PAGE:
Forest does not contain a forest. However, it apparently does contain one of the only parks in Brussels with naturally occurring trees (as opposed to planted ones) in a park unimaginatively called Forest Park. The commune also contains an absolutely huge Audi factory and Brussels’ biggest concert venue – Forest National. It is also where I live so this is the usually the point where I get off the bus, making the rest of the journey a novelty for all of us!

The bus suddenly starts its ascent towards the highest point in Brussels, aptly named Altitude 100 (guess how many metres above sea level it is) where a rather foreboding church is located. It then crosses over into the fourth and final commune it passes through – the rather well off Uccle (or Ukkel in Flemish).

Forest: the edge of the Forest Park and the 48 going in the other direction

Forest: the edge of the Forest Park and the 48 going in the other direction

Forest: Altitude Cent and the St Augustine Church

Forest: Altitude Cent and the St Augustine Church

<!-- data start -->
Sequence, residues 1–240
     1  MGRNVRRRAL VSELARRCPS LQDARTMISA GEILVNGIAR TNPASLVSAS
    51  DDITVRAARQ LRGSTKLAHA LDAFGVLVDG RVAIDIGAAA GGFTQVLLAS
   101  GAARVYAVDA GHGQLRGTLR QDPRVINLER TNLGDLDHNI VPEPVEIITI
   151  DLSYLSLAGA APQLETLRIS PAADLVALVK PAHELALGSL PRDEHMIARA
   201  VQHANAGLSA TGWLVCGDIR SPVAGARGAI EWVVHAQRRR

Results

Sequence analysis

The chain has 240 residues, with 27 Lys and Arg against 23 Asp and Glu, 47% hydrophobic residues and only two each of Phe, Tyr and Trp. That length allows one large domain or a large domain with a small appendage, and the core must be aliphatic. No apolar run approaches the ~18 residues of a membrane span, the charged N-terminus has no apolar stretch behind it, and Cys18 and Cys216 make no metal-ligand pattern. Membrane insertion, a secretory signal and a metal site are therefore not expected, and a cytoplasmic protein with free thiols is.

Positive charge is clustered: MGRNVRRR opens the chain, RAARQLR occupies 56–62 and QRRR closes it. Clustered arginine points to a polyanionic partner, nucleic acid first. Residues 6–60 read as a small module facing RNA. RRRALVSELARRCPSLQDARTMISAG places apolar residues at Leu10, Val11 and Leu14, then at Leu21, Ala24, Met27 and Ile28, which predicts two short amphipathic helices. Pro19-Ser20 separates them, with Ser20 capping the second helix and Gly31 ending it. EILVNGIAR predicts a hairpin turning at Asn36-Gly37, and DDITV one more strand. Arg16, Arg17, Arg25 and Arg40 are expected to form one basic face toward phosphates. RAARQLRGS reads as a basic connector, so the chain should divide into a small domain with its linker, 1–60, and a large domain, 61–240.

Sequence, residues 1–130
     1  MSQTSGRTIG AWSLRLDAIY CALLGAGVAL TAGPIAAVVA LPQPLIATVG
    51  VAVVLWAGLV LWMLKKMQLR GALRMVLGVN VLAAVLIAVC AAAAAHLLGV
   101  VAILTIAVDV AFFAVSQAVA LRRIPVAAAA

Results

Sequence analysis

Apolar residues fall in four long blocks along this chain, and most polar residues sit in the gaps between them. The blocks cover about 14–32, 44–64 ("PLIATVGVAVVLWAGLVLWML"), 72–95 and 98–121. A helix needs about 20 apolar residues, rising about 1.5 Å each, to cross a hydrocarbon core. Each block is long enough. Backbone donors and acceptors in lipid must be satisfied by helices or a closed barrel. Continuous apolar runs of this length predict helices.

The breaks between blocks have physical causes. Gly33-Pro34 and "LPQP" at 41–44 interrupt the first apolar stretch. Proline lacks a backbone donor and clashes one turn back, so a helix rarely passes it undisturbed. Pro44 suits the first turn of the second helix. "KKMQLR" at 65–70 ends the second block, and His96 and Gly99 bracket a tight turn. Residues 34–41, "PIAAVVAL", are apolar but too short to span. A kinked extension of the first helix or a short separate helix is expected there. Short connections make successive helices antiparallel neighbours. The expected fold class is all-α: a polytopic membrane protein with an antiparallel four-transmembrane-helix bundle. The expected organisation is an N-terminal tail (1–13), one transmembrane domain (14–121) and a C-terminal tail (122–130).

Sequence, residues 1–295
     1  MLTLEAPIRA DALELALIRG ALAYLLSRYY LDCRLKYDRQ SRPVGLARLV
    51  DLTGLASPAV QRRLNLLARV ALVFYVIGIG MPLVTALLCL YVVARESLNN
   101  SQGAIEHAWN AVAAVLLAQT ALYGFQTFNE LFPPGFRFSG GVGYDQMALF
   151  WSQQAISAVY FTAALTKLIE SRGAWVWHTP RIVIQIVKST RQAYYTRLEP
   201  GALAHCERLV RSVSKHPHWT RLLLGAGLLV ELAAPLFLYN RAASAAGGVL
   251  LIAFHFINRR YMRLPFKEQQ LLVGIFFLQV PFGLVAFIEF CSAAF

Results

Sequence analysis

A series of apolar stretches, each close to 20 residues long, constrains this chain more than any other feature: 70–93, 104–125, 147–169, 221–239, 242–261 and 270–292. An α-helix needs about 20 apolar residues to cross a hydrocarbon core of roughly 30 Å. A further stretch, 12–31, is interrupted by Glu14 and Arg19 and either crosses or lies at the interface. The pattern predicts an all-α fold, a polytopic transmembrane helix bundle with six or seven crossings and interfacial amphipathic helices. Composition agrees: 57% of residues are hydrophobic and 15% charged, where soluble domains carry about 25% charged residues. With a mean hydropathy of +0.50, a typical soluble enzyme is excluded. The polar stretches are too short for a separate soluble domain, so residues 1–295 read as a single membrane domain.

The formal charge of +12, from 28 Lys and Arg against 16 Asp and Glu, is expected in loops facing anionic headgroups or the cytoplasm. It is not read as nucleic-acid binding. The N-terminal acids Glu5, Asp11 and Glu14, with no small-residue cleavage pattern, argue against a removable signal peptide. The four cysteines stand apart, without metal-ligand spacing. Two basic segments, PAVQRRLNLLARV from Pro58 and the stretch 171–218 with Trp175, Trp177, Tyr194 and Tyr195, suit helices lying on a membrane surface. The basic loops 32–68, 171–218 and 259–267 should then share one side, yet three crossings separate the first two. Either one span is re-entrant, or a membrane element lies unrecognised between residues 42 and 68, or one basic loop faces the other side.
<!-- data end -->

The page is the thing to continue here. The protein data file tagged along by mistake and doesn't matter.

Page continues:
Uccle is as close as Brussels gets to South Kensington. It a leafy and calm part of the city, but still only 25 minutes by public transport to the city centre, or 20 minutes to the EU Quarter (Uccle is popular with the Eurocrat expats). It is instantly obvious you have entered the commune the minute that the 48 route enters it. The route winds through peaceful, tree-lined residential streets before terminating at the rather quiet Uccle Stalle railway station, through which passes the line connecting Brussels to Charleroi – a rather poor, post-industrial city in Wallonia (the French-speaking region of Belgium), which is now largely known only for its low-cost airport.

Uccle: leafy streets and a very quiet railway station

Uccle: leafy streets and a very quiet railway station

The total journey time on the 48 bus route was under 45 minutes – not bad for a route which starts at the heart of the city and finishes right at its southernmost edge, passing through 4 communes as it does so. In fact, the border of Brussels with Flanders (the Flemish speaking region) is a mere 15-minute walk from the route. In a highly federalised country, regional borders matter a great deal here and can be seen from the change in paving on the pavements, as well as the switch from bilingual street signs in Brussels, to Flemish-only signs in Flanders (truly a complicated country).